For proper wound healing and closure, surgery is often necessary. The Penn Center for Wound Healing and Reconstruction highlighted which operations are necessary for specific wound types, including sutures, adhesives and tape for small injuries. Patients suffering from slow healing or severe scarring may require additional reconstructive surgery to properly close the wound, including skin grafts, tissue expansion and flaps.
A team of researchers from the Imperial College London carried out a study at St. Mary’s Hospital to test a possible new tool for reconstructive surgery: Augmented reality headsets.
Seeing through different eyes
During several reconstructive procedures, the surgeons wore Microsoft HoloLens headsets that essentially allowed them to see through the patient’s limb. The headsets function like mini-computers that can mix holograms with the viewer’s reality. In these lower limb reconstructive surgeries, the HoloLens casted images on the patient’s leg, which allowed the surgeon to “see” the bones and blood vessels.
The research team created these images by taking CT scans and breaking them into the bone, muscle, fatty tissue and blood vessels. Then, they used software to create 3D models of the leg, which were then rendered for the HoloLens headset and overlaid on the patient’s leg during the operation. When surgeons saw these overlaid images during surgery, they were able to determine bone location, identify targets and reconnect blood vessels with more accuracy.
Improving traditional methods
Augmented reality approaches can be helpful for severe tissue damage or open wounds that require immediate reconstructive surgery, such as covering injured skin with flaps of tissue from elsewhere on the body. This “new” tissue has to be properly connected to the wounded area for effective healing. Standard approaches to these reconstructive surgeries employ ultrasound scanners to locate the blood vessels under the skin. However, using augmented reality speeds up this process and allows for a higher level of accuracy when connecting the blood vessels.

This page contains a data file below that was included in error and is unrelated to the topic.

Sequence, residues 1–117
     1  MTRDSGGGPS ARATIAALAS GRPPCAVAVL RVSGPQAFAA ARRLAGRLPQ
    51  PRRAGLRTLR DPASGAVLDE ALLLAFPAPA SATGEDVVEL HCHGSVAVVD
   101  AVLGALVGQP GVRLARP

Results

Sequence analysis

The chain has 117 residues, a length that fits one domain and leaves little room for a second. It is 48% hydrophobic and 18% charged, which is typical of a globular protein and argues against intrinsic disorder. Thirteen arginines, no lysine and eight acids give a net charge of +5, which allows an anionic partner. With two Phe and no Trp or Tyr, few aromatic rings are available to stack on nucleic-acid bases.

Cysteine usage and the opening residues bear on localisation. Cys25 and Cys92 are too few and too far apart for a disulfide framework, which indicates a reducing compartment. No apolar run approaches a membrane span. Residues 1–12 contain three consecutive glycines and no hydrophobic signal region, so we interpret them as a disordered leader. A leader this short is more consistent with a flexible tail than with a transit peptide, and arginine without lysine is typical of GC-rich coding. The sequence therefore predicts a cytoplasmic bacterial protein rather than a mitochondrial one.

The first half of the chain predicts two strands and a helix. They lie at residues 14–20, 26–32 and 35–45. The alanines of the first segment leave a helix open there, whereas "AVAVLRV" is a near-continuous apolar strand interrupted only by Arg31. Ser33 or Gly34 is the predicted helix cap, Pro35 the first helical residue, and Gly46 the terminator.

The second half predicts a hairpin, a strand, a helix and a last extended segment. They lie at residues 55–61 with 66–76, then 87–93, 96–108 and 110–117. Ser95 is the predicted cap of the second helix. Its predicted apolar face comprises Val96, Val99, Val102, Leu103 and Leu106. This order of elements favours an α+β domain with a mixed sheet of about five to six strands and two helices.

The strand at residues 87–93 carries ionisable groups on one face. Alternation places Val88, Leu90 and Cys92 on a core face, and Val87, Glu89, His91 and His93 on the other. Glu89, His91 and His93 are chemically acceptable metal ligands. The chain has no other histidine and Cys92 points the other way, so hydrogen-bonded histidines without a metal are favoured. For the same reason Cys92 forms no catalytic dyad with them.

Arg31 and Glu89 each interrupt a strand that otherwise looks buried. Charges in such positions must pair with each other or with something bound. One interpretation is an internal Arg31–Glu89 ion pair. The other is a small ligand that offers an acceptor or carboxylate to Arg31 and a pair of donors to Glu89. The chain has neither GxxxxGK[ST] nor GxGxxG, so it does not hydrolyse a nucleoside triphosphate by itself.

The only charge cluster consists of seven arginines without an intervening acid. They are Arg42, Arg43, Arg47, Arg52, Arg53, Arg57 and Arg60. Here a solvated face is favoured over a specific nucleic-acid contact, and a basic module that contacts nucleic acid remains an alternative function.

According to Jon Simmons, the plastic and reconstructive surgeon who led the HoloLens headset trial surgeries, augmented reality technology “could potentially help to reduce the time a patient spends under anaesthetic and reduce the margin for error.” Further, he clarified that while the technology can’t replace the skill and experience of clinicians, it can enhance the process and make it easier to tailor surgeries to individual patients.
In addition to being a valuable tool for surgeons during the operation, augmented reality has proven to be beneficial in healthcare education, including wound care simulation. This technology allows medical students to repeatedly practice anything from stitches to skin grafts for better preparation in real-world scenarios. Plus, the Imperial College researchers believe that, with further refinements, augmented reality will soon be applied in various areas of reconstructive surgery and wound care practices.
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